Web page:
to show up at any moment.
It's a foggy day here, which  matches my mood today.  Yesterday I had a good, productive day, though, so I'll just have to push forward now, while remembering yesterday.  I have a lot of words in my head, but they are refusing to become coherent, so I leave you with these photos.

I do love fall.  It is a good day to have soup.

Kwanzan cherry tree in the fog


Oak leaves and grey sky overhead

Kwanzan cherry leaf - a bright spot

A ghost of the maple tree, behind the cherry tree


The lilac  blesses us with color again

Snapdragons still tenaciously hanging on

Note of celebration that I left for Younger Daughter,
who faithfully arose at 6 am while I slept and
dreamt a strange, strange dream

Thursday, October 2, 2014

Not Your Grandmother's Kugel



In the days of the ancestors, it was decreed that the whole people should gather in a solemn assembly to celebrate the Lord’s creation, and to begin the Days of Awe. 

And the Lord said to the people, “Thus shall you celebrate:  by preparing a sweet mixture of eggs, sour cream, sugar, wide egg noodles and dried fruit of the vine.  And you shall call this mixture noodle kugel.  From this day forward you and your children and your children’s children shall partake of this meal.”

And the mother-in-law said to the daughter-in-law:  “You shall make my noodle kugel recipe, for there is no other that will please my son.  I have decreed it.”

And the daughter-in-law undertook to do as she was instructed to do.  She approached this task with joy, saying, “At last, a Jewish recipe that does not involve chopping everything into little bits or cooking a hunk of meat for hours.”  But lo, her mother-in-law’s recipe for noodle kugel listed not all of the ingredients.  It was not clear if it required ½ an ephah or ¼ an ephah of sugar.  It gave not the baking temperature; neither did it tell the type of baking pan to use.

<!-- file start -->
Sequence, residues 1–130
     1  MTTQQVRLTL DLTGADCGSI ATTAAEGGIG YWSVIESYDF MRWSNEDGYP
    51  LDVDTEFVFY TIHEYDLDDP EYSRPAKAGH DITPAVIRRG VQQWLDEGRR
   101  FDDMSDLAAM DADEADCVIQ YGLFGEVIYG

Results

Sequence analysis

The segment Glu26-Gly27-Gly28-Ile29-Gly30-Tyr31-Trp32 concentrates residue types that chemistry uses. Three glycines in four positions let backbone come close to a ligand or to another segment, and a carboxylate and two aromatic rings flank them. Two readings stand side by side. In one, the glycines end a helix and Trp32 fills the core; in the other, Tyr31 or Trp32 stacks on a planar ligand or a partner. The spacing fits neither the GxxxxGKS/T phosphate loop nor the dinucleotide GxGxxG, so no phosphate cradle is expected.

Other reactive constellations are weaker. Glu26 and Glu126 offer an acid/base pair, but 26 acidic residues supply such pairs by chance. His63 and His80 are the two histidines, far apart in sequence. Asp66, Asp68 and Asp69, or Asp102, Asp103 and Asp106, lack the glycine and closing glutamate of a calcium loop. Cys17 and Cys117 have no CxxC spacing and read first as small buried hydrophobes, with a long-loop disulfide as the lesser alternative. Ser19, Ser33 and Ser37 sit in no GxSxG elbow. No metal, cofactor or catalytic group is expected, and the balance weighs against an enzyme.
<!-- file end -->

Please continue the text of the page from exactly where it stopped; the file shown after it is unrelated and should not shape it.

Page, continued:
And so the daughter-in-law set out to gather unto her all manner of noodle kugel recipes.  She took butter of kine, egg of chicken, cream of sour, wide noodles of egg, and brought forth a fine noodle kugel in a lordly dish.  And she saw that the thing pleased her husband.

As the years passed, the daughter-in-law began to be horrified at the fat content of the noodle kugel and at the vast quantity the recipe made. The heart of her husband was not well within him.  Seeking to do her husband good, like a merchant ship she launched forth and communed secretly with Google to find a healthier and smaller recipe.

And so, at the beginning of this year 5775, the husband spake unto his wife, saying, “Lo, the high holidays are upon us.  It is my fondest wish that we should have noodle kugel during this time of festive convocations.”

And so she girded her loins with strength, and assembled lower-fat ingredients; she set to cooking.  Eating not the bread of idleness, while the noodle kugel was baking she went outside and raked a multitude of leaves to the top of the hill.

Looking well to the ways of her household, she served the noodle kugel.  And lo, her teenaged child arose up, and called her blessed; her husband also, and he praised her, saying, “Now this is the only dish which is not made better by adding cream of mushroom soup.  Many daughters-in-law have done virtuously, but thou excellest them all." 

Favor is deceitful, and beauty is vain: but a woman that maketh a good low-fat noodle kugel, she shall be praised.

                                                                                        - The Book of Comestibles 31:10-31

     Noodle Kugel 

    
Makes one 9x9 square pan.

     1 cup cottage cheese (lowfat is fine)
     1 ½  cups (12 ounces) sour cream (lowfat is fine)
     1 ½ Tablespoons milk
     3 eggs, beaten
     1/4 cup sugar
     ½ tsp. vanilla
     ¼ cup raisins, or chopped apple, optional – I use both
     8 ounces wide egg noodles
     cinnamon and sugar for topping (mix together 1 Tbsp sugar with 1 tsp cinnamon)
     ¼ cup corn flakes, crushed

Grease a 9x9 square baking pan.  Preheat oven to 350 F.

Cook the egg noodles in a large pot of water till tender. Drain.

Meanwhile, mix in a very large bowl the first 7 ingredients. Combine with the cooked noodles, and turn into the baking pan.

Top with some cinnamon and sugar, and also some crushed cornflakes if you like. Bake in a 350 oven for about 45 – 60 minutes. Cut into squares to serve.

Makes 12 servings.


(If you use 1% cottage cheese and low-fat sour cream, each serving is 5 Weight Watchers PointsPlus.)